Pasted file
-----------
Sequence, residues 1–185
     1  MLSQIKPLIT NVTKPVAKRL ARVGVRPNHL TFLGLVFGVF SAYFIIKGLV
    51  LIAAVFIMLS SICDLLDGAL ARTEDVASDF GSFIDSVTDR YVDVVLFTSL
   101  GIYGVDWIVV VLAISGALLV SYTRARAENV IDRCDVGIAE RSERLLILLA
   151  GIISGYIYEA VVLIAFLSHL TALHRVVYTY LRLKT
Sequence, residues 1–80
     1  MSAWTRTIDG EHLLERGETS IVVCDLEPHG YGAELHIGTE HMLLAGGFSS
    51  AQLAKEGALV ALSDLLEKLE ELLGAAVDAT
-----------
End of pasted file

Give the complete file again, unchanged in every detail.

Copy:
Sequence, residues 1–185
     1  MLSQIKPLIT NVTKPVAKRL ARVGVRPNHL TFLGLVFGVF SAYFIIKGLV
    51  LIAAVFIMLS SICDLLDGAL ARTEDVASDF GSFIDSVTDR YVDVVLFTSL
   101  GIYGVDWIVV VLAISGALLV SYTRARAENV IDRCDVGIAE RSERLLILLA
   151  GIISGYIYEA VVLIAFLSHL TALHRVVYTY LRLKT
Sequence, residues 1–80
     1  MSAWTRTIDG EHLLERGETS IVVCDLEPHG YGAELHIGTE HMLLAGGFSS
    51  AQLAKEGALV ALSDLLEKLE ELLGAAVDAT